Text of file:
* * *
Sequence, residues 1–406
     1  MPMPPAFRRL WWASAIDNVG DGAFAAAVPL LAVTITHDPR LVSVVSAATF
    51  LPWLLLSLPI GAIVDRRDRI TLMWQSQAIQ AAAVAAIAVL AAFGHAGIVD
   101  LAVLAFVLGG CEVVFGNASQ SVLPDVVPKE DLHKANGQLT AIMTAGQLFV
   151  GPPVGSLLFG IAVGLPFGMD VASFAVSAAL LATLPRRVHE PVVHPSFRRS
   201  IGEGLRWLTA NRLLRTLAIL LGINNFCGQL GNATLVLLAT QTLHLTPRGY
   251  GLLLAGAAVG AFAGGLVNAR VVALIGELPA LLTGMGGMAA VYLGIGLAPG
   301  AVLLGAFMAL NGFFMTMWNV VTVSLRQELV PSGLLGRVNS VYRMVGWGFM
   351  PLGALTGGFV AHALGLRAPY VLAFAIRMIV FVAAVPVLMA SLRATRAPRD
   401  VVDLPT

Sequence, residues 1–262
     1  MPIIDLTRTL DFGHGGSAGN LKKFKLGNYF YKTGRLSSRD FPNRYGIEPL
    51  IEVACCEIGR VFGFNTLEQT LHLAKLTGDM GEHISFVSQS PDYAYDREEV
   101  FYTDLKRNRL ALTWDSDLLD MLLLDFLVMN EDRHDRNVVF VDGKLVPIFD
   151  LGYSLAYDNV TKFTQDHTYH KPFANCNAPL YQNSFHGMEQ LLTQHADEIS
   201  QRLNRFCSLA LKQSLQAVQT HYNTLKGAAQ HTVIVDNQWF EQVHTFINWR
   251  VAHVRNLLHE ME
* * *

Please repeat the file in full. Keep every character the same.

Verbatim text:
Sequence, residues 1–406
     1  MPMPPAFRRL WWASAIDNVG DGAFAAAVPL LAVTITHDPR LVSVVSAATF
    51  LPWLLLSLPI GAIVDRRDRI TLMWQSQAIQ AAAVAAIAVL AAFGHAGIVD
   101  LAVLAFVLGG CEVVFGNASQ SVLPDVVPKE DLHKANGQLT AIMTAGQLFV
   151  GPPVGSLLFG IAVGLPFGMD VASFAVSAAL LATLPRRVHE PVVHPSFRRS
   201  IGEGLRWLTA NRLLRTLAIL LGINNFCGQL GNATLVLLAT QTLHLTPRGY
   251  GLLLAGAAVG AFAGGLVNAR VVALIGELPA LLTGMGGMAA VYLGIGLAPG
   301  AVLLGAFMAL NGFFMTMWNV VTVSLRQELV PSGLLGRVNS VYRMVGWGFM
   351  PLGALTGGFV AHALGLRAPY VLAFAIRMIV FVAAVPVLMA SLRATRAPRD
   401  VVDLPT

Sequence, residues 1–262
     1  MPIIDLTRTL DFGHGGSAGN LKKFKLGNYF YKTGRLSSRD FPNRYGIEPL
    51  IEVACCEIGR VFGFNTLEQT LHLAKLTGDM GEHISFVSQS PDYAYDREEV
   101  FYTDLKRNRL ALTWDSDLLD MLLLDFLVMN EDRHDRNVVF VDGKLVPIFD
   151  LGYSLAYDNV TKFTQDHTYH KPFANCNAPL YQNSFHGMEQ LLTQHADEIS
   201  QRLNRFCSLA LKQSLQAVQT HYNTLKGAAQ HTVIVDNQWF EQVHTFINWR
   251  VAHVRNLLHE ME